Jul 15

Stash Pad -

Andrew Rice:

And so New Yorkers with garden-variety affluence—the kind of buyers who require mortgages—are facing disheartening price wars as they compete for scarce inventory with investors who may seldom even turn on a light switch. The Census Bureau estimates that 30 percent of all apartments in the quadrant from 49th to 70th Streets between Fifth and Park are vacant at least ten months a year.

30 percent. That’s insane.

Hard to know what a good solution is. A law requiring you to be present for a certain amount of time seems too restrictive. So does one requiring you rent it out full-time. So maybe Airbnb? I’m only half kidding.


“The difference between successful people and very successful people is that very successful people say no to almost everything.” —

Warren Buffett

(via stoweboyd)

Jul 14


Geologic Map of Mars


Geologic Map of Mars


“I know I’m supposed to cry for these people, but they had a chance to survive and in fact thrive in today’s digital book publishing world, but they haven’t. And now they are going the way of the eight-track. Bon voyage.” — Vincent Zandri, an Amazon author, on the incumbent book publishers. To be fair, this quote is a couple years old, and his view is now slightly more nuanced.

How HBO plans to keep its hits rolling -

Jason Lynch:

HBO is bringing three dramas to a close over the next several months: True Blood, Boardwalk Empire and The Newsroom. “We think the right thing is to end with creative integrity so that the viewer and creator feels satisfied,” said Lombardo, who admitted that HBO made “a mistake” in canceling Deadwood after three seasons, before the story’s natural end, which angered viewers.

The cancellation of Deadwood was a major (rare) mistake for HBO. Here’s hoping they still do a movie to conclude the series one day…

I remain intrigued by how they’re going to handle the Game of Thrones situation. There’s no way the books are done before the television series is. Unless they decide to take a few years off, as they do with Curb Your Enthusiasm — a very different show, obviously. Or, if they do a movie to conclude the show as well…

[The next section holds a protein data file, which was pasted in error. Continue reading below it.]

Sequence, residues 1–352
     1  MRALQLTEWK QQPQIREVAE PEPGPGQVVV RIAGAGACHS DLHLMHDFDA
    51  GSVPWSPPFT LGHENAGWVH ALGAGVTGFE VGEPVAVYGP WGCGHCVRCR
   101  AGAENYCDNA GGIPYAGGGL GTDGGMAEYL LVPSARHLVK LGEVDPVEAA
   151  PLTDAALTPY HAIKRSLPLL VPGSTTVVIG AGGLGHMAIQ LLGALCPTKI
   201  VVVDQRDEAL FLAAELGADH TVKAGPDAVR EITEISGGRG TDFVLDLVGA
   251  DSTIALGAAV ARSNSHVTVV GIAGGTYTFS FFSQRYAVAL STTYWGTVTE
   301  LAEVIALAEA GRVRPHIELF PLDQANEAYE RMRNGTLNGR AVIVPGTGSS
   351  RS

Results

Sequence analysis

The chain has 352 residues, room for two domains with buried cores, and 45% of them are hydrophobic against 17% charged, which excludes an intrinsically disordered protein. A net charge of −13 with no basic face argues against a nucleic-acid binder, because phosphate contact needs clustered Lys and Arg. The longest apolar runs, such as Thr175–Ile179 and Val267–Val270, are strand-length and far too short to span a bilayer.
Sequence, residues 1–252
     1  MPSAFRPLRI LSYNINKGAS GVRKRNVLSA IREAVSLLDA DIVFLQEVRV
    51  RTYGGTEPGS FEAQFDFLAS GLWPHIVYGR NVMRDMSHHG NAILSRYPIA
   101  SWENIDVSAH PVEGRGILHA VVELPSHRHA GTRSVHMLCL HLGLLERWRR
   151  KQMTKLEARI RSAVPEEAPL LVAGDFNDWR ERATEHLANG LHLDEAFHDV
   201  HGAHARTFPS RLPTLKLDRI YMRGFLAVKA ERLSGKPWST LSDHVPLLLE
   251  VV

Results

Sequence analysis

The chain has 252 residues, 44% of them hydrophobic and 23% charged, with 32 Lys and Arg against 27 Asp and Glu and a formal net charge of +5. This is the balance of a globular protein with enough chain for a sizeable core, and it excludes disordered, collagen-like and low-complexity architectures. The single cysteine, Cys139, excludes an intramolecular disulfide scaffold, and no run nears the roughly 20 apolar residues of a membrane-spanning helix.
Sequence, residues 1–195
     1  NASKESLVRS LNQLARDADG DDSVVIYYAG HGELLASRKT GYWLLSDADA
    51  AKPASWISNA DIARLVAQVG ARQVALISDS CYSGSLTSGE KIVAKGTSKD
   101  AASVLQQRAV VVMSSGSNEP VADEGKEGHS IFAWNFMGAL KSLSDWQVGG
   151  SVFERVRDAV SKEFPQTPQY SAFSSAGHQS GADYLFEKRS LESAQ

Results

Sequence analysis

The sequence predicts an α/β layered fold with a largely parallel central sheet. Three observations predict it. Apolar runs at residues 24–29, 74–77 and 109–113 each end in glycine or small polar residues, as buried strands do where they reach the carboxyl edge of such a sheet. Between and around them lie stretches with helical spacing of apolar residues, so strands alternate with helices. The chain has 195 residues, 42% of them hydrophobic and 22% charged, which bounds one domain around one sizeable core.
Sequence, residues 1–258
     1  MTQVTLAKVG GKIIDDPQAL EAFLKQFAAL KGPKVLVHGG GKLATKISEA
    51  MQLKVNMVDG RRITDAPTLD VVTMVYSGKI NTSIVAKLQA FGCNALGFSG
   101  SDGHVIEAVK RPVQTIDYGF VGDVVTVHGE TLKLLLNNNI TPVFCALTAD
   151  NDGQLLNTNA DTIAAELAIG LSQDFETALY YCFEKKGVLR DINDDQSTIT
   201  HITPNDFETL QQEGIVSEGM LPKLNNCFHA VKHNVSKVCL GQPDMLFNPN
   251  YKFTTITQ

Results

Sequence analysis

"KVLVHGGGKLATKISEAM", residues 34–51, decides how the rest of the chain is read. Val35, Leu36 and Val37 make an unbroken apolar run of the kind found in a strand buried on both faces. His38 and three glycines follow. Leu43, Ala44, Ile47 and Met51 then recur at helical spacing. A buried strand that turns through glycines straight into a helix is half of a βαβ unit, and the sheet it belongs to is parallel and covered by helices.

Jul 13

"I’m coming home."

"I’m coming home."

Nike and Manchester United Set to End Partnership -

Chad Bray:

Several news outlets reported that Adidas, the German sportswear maker, was likely to succeed Nike. The Financial Times reported that such a deal could be worth up to £750 million over 10 years, making it one of the most lucrative equipment sponsorship deals in sports.

Crazy. Though perhaps not as crazy as the fact that American car-maker Chevrolet will be the main sponsor of the team starting this year (that deal cost $599 million over eight years).

Yes, Man U will be wearing jerseys with a giant Chevrolet logo on the front. (Nike will still be there this year since that deal ends next year.)

Jul 11


Welcome Back LeBron !

Such a great graphic.


Welcome Back LeBron !

Such a great graphic.


“I’m ready to accept the challenge. I’m coming home.” — LeBron James, announcing his return to Cleveland.

"I'm coming back to Cleveland" -

LeBron James:

Before anyone ever cared where I would play basketball, I was a kid from Northeast Ohio. It’s where I walked. It’s where I ran. It’s where I cried. It’s where I bled. It holds a special place in my heart. People there have seen me grow up. I sometimes feel like I’m their son. Their passion can be overwhelming. But it drives me. I want to give them hope when I can. I want to inspire them when I can. My relationship with Northeast Ohio is bigger than basketball. I didn’t realize that four years ago. I do now.

As someone from Cleveland, I find this to be a pretty perfect letter. As bad as LeBron’s “Decision” was four years ago, that’s as good as this is.

Jul 10

“LeBron is the girl who hangs out with you all night. And you buy all the drinks. And at the end of the night, she went home with the jerk.” — Shawn Brewster, a Cleveland barkeep, on the potential of LeBron James returning to the Cavaliers.

iTunes Movie Extras *Finally* -

Matthew Panzarino:

One of the most intriguing components of the new iTunes Extras system is that they aren’t set in stone. Because they’re based on a flexible framework that Apple offers to studios, and they’re served from the cloud, they can be added to over time.

There is potential here to create a living library that allows additional content to be served to your existing library. That’s a big selling point for digital purchases over physical ones, just as many studios are finally getting on the digital bandwagon.

For me, this truly is a “finally”. Like Panzarino, I was a huge DVD buff — not because of the format itself, but because of the extras included with the films. Apple started to include them long ago, but only in a half-assed way, and oddly not on the Apple TV.

Scanning over the extras highlighted by Apple, I still am a bit saddened to see only a few titles with commentary tracks. Those were hands-down my favorite extras. But, as noted, studios can add additional content over time, and Apple ensures it will be available for free.